In a seven part series, I covered the multiple components involved with an Auditory Processing Disorder. I opened the discussion by describing the multi-system approach and moved into the sensory component to auditory processing, auditory discrimination, auditory hyper-sensitivity, auditory extraction, as well as auditory attention and distractibility.
This final article in the series will introduce to you memory, organization and integration.
Auditory Processing and Memory
Memory is a skill that involves executive functioning as well as the cognitive and language systems. Thus, activities that teach “memory strategies” such as mnemonics and categorizing information as well as associating things should be taught and not merely memory exercises in which the child repeats and repeats words, numbers, or sentences over and over again.
Auditory Processing and Organization
Organization, the systems involved and the work in this area are similar to that of memory. Organization involves executive functioning along with the cognitive and language systems. The work here is to teach the child to use organization strategies such as graphic organizers, lists, charts, etc.
Auditory Processing and Integration
The last category of auditory processing involves integrating all of the previously described factors together in one unit. The main systems involved are the cognitive system with the language system and some aspects of the auditory system as well. The focus of work in this area is called is called a “meta” approach to learning and thinking.
At the meta-lingusitic level, we would present verbal messages in which the language rules are the clues to answer the question. For example, in the sentence, “The boy went to the store to buy some milk,” when did the boy do that, “Yesterday or Right Now?” The answer is linguistically based on the rule that “went” is the past tense so it had to happen yesterday.
At the meta-auditory level, we can ask a child a discrimination question such as “Are ‘pat’ and ‘bat’ the same words?” and if the child says they are different, the child would have to give you an auditory based reason why they are different and not say that “one starts with ‘p’ and one starts with ‘b’” which is visually based. One correct answer is to provide the phoneme sounds, while another correct answer is to say that one is soft or voiceless (p) and the other starts with a louder sound or a voiced phoneme (b).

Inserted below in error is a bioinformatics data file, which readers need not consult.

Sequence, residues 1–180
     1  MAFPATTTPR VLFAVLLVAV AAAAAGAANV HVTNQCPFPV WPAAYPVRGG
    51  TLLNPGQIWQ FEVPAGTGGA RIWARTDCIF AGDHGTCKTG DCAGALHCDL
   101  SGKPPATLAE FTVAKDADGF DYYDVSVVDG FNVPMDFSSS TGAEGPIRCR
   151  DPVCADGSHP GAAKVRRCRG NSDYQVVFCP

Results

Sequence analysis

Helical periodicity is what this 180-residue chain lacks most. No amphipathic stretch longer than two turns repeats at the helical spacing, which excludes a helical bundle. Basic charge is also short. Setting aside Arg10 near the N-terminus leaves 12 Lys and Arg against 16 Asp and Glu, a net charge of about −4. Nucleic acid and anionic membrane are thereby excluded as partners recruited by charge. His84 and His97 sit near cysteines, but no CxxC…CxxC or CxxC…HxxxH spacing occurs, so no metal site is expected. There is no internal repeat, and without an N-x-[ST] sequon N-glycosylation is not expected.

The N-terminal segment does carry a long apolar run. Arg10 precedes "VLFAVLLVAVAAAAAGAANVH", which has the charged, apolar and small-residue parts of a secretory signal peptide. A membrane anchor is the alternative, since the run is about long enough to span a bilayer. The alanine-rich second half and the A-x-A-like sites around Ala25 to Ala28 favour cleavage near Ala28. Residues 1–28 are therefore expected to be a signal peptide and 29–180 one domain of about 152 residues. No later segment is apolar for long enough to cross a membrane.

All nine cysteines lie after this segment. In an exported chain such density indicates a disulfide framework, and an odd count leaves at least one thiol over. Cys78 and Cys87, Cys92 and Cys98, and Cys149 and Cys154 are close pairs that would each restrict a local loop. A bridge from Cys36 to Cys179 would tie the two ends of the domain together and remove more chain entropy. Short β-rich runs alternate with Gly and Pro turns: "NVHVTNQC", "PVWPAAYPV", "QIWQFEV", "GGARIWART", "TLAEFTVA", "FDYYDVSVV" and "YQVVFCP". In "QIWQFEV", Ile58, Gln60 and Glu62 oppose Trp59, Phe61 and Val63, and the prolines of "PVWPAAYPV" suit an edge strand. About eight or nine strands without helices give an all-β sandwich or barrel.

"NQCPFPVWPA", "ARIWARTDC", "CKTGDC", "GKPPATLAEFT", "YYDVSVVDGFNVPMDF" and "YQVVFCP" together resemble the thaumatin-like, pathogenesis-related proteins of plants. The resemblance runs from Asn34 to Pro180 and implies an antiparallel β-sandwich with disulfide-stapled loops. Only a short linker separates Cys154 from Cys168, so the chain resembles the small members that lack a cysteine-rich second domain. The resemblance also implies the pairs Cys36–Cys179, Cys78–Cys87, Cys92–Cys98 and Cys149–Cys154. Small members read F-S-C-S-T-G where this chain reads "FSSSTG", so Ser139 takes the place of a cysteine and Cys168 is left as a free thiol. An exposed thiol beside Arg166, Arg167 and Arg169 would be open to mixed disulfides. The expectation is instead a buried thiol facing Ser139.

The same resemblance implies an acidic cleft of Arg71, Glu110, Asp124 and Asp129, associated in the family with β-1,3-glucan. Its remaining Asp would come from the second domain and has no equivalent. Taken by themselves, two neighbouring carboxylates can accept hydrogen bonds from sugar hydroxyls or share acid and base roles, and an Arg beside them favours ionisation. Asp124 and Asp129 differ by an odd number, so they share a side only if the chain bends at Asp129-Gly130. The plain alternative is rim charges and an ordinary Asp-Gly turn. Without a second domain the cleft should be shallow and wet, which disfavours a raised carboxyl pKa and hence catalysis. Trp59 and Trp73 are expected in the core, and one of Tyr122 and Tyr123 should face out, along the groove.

Conclusion of Series
I know that I have presented a lot of information to you in this series, but I wanted to be sure you understand what auditory processing disorders are really all about, what are the different categories, and at least some ideas about treatments in each of the categories. The hardest problem now is to find that professional, an audiologist, who can provide the appropriate diagnosis of the specific categories of APD present with your child. However, once you have done this, reflect on what is written here and you may have a more complete understanding of your child’s ism and some things you can do to help your child.
If you would like to learn more about this multi-system approach to auditory processing, check out a book co-authored by this professional called “Don’t You Get It? Living with Auditory Learning Disabilities. The opening chapter of the book describes this system-integrated model of auditory processing, while the remainder of the book discusses resources and stories about people who have lived with APD and have overcome their problems.
Lucker, J.R. (2008). What are auditory processing disorders? In, H. Edell, J.R. Lucker, & L. Alderman. Don’t You Get It? Living With Auditory Learning Disabilities. Wood Dale, IL.: Stoelting Co.
Lucker, J.R. (2013). Auditory hypersensitivity in children with autism spectrum disorder. Focus On Autism and Other Developmental Disabilities, 20 (10), 1-8.
Lucker, J.R., Doman, A. (2012). Auditory hypersensitivity in children. Autism Science Digest, 4.